A couple of companies have come out with home wiring networks recently, allowing us to plug a computer into any outlet in a home or office and have Internet access (provided, of course, that someone has signed up for the Internet).
The awkwardly named “XE104 Wall-Plugged Ethernet Switch” from Netgear turned out to be a really easy way to go. The device plugs into an ordinary two- or three-pronged wall outlet and has a socket for plugging in an Ethernet cable, which comes with it. You need two or more of these devices to create a network. One of them has to connect to a phone line or cable connection that provides the Internet link; the others can then piggyback onto that link.
In practice, this turned out to be quick to set up and worked right away. Previous systems designed to use a building’s own electrical wiring as a computer a network had problems because of the frequency noise created by the electrical current. But the new plug-in boxes have filtered that out. Another problem was that anyone else in the same building could spy on your computer use simply by plugging in their own box. This is now prevented by an automatic encryption routine built into the accompanying software.
We found the XE104 units for $75 (all prices U.S.) each by searching at www.pricegrabber.com. Because you need at least two of them, that would be $150. A similar device was just released by Actiontec. It also worked well, and we found it for only $50 with a search at www.froogle.com. This is the simplest way to create an Ethernet network, and the cost is acceptable. More info at www.netgear.com and www.actiontec.com.
Just when we were trying to recover from the loss of fake magazine covers in the latest version of Roxio’s Easy Media Creator, we found them again in Photo Finale, a new $40 program from Trevoli.
OK, we admit it: putting friends, family and even casual acquaintances on made-up magazine covers amused us. (Sometimes it amused them too.) Beyond this bit of frivolity, Photo Finale also seems to do everything Adobe’s Photoshop Album does and lists for $10 less.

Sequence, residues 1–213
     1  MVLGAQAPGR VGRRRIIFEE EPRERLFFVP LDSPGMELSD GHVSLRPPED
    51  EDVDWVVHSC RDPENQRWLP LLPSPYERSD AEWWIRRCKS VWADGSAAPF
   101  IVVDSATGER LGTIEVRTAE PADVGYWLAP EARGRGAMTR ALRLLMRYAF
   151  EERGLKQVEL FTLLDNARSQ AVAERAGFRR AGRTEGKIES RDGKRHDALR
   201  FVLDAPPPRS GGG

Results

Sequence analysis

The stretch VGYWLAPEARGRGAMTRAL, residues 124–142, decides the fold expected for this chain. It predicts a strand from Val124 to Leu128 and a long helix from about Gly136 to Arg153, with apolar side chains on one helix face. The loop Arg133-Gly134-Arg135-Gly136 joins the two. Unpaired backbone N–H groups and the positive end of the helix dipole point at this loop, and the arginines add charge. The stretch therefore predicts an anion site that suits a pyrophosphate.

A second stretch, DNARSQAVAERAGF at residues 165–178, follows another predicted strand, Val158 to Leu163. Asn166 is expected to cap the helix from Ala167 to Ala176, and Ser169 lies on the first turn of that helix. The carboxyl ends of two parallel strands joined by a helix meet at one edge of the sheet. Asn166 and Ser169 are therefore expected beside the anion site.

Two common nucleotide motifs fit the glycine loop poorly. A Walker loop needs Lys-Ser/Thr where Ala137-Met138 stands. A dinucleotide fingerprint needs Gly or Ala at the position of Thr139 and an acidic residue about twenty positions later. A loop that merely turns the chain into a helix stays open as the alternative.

Using Photo Finale was a cinch. Click “Create DVD” to make a backup disk of your photos, or “Web Album” to post a bunch to the Web. Templates let you create greeting cards, photo albums and many other projects, as well as magazine covers. Tech support was great. You can get a free trial at www.trevoli.com.
WHEN THE GOING GETS TOUGH
A new “ruggedized” laptop from from Twinhead (www.twinhead.com) can be dropped 26 times from a height of three feet without damage. (But what about the 27th time? Just kidding.)
The Durabook N14RI has a magnesium alloy base that’s 20 times harder than plastic laptop cases and anti-shock mountings that protect the keyboard and disk drives. It weighs 5 pounds.
The manufacturer says the $999 price is about half what other ruggedized laptops cost. We checked around, and this seems to be true. We paid twice that much for a Toshiba laptop three years ago, and after we accidentally dropped it once from a height of less than 6 inches, the CD drive no longer worked.
WHO CLICKED THAT BANNER?
Here’s a site you can use to find out which of your online ads are producing the most click-throughs. You can also find out which of your press releases or news items are being clicked most often — if at all.
You can get a free one-week trial of this service at www.visistat.com. Its basic service costs $10 and lets you analyze which pages are getting the most hits. For an extra $10 a month you can analyze a particular ad or banner.
— Print out free graph paper, music staffs, calendars, all the world’s flags and more at www.pdfpad.com. The music paper choices even include one for the rectangular staff used for percussion instruments (drum roll, please).
— At www.bbc.co.uk you can find audio interviews with authors, painters, sculptors, composers, scientists, cartoonists, sports personalities, etc. It’s very interesting, wide ranging and not confined to British subjects. Search on “audio interviews.
— “www.privacilla.com is a complete resource for privacy issues, sponsored by companies such as Microsoft and the Cato Institute think tank. This is hog heaven for policy wonks.
“RFID Essentials,” by Glover and Bhatt ($40 from www.oreilly.com).This is fast becoming topic “A” in electronics, a development with potential applications in fields as diverse as retail sales, medicine, weaponry, shipping and personal security. This book will take you through the big picture and the details of the very tiny picture.
RFID stands for radio frequency identification, and what it’s all about is a microchip that responds to a radio frequency pulse by sending back an echo. That echo can be as simple as recognition, or a fairly extensive stream of information. The chip can be almost unbelievably small; some engineers predict it will be possible to make it as small as a speck of dust. It can be injected into people, animals and plants and embedded in clothing, shipping containers and weapons, making them usable only to those with the proper electronic ID.
Right now the cost of making RFID from silicon chips, while not large, limits some uses. But just this past week, engineers at Philips Electronics in the Netherlands reported they had been able to make an RFID chip completely out of plastic. This would cut the cost to pennies.
Copyright 2006 Universal Press Syndicate